Twiggy He’s house is less than 10 square meters. Of course, she can park it in front of her office and with its open kitchen, her bathtub and her electric piano it is the envy of her classmates.
With this reconditioned yellow van, baptized “YOLO” (“You only live once”you only live once in English), it takes He just two minutes to get from his bed to his desk at an online trading company.
In addition, it allows you to save thousands of yuan a month in Shenzhen, the technological center of China and one of the most expensive cities in the country.
The 28-year-old woman is part of a growing number of urban youth in China who, after experiencing exorbitant house prices, are looking for an alternative.
“I find living in an RV very liberating”tells AFP He, who moved into this new home just four months ago.
“It doesn’t give me any anxiety about buying a house, nor does it make me feel like I need to settle down (…) I might even move to a new city in a few years”assures.
His monthly housing expenses dropped from 2,500 yuan ($350) when he rented an apartment to 600 yuan (about $83), since the price of parking is only 20 yuan a day (less than $0.30).
It has the drawback that it depends on public facilities when you need to use the bathroom.
saving for an apartment
For Zhang Xi, who started living in a mobile home with his partner before opening a van reconditioning shop, cost was the main factor.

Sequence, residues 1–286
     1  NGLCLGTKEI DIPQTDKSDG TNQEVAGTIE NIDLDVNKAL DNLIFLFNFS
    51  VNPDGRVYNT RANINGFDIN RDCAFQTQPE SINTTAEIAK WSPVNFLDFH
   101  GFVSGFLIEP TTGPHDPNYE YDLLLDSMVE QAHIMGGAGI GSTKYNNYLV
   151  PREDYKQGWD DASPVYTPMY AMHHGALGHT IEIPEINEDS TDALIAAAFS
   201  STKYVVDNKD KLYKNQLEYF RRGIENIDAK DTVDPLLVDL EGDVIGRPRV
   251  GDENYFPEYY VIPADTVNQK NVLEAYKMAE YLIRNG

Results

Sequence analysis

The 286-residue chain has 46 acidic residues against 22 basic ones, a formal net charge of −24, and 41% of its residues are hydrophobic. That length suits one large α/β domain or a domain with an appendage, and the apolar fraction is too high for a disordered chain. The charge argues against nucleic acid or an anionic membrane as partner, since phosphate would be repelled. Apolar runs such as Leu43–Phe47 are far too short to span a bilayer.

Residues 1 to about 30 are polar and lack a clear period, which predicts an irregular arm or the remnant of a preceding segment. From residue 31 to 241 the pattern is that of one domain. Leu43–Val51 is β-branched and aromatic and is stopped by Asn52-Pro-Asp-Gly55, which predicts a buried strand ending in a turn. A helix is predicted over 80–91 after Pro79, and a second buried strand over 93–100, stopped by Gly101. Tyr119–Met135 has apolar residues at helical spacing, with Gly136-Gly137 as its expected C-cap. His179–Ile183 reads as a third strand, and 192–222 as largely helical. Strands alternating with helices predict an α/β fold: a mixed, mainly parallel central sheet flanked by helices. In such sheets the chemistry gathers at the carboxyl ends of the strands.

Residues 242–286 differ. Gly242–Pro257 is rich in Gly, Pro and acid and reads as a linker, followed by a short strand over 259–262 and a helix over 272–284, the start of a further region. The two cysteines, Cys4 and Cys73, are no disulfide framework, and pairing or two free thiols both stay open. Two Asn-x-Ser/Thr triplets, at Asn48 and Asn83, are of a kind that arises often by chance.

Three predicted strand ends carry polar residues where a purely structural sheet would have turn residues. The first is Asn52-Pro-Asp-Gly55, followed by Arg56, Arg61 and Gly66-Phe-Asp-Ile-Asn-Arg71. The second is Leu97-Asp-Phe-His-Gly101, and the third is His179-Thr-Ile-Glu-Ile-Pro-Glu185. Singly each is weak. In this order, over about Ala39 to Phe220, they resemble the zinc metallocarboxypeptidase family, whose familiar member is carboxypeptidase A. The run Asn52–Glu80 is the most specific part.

“Property prices in Shenzhen are out of reach for ordinary people like me,” he tells AFP.
A recent study by a real estate market research institute points out that the proportion of income allocated to rent reaches 49%.
In the case of purchase it is even worse. On average, the price per square meter of a second-hand apartment is 65,000 yuan (almost $9,000), nine times the average monthly salary in the private sector.
Zhang and his wife plan to live in the motorhome as long as they don’t have children, saving about 3,000 yuan ($415) a month on rent and transportation to work.
This is how they hope to get the money they need to buy an apartment in a more affordable city.
Like at home
The walls of office worker Li Conghui’s cozy white camper are decorated with drawings and photos of his children, who live with their mother in another city but have bunk beds in the vehicle.
Li’s in-laws disapprove of this unconventional lifestyle.
“My wife is the only one who is not against it”says this office worker. “But the others don’t understand where I come from, they think it’s too unusual.”Explain.
Li has been working at home for a decade, but he doesn’t feel grounded in the city. “When I lived in a rented room, I didn’t feel at home every time I came back,” he says.
“But the motor home is different. When I am inside this private space, I have a feeling of belonging”assures.
Zhang shares his point of view. “We have felt it as a home for us”assures. “It’s a place that really belongs to us in Shenzhen.”
Ricardo is a renowned author and journalist, known for his exceptional writing on top-news stories. He currently works as a writer at the 247 News Agency, where he is known for his ability to deliver breaking news and insightful analysis on the most pressing issues of the day.